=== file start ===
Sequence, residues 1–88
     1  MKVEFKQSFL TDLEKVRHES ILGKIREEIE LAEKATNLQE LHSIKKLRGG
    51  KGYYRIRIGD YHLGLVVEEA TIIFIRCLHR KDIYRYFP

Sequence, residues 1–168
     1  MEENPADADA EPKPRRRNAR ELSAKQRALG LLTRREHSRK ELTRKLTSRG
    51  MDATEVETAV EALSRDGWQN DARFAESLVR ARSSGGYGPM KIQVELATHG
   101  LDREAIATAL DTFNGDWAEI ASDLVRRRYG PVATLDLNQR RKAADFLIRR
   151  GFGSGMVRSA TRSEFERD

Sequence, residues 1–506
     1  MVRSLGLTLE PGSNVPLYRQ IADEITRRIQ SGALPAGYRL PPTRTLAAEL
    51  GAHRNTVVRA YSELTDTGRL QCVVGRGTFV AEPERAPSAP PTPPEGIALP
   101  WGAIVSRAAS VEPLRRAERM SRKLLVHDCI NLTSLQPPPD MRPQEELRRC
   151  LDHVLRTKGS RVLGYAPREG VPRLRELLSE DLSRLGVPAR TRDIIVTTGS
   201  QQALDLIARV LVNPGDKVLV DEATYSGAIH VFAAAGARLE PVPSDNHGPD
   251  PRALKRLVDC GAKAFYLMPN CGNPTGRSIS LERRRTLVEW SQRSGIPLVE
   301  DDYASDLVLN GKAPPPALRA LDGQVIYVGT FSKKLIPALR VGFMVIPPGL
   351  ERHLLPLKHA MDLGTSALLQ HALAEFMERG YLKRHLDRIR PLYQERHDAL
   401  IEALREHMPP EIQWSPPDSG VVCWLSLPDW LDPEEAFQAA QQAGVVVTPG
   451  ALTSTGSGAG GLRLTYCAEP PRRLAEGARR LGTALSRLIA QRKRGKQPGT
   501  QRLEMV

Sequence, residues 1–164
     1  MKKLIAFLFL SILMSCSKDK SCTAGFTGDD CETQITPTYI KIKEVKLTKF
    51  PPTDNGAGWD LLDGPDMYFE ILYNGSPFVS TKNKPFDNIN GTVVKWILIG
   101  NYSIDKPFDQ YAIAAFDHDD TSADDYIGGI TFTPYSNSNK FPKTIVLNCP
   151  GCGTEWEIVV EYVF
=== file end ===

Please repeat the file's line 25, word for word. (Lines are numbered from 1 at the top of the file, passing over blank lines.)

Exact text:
   151  GCGTEWEIVV EYVF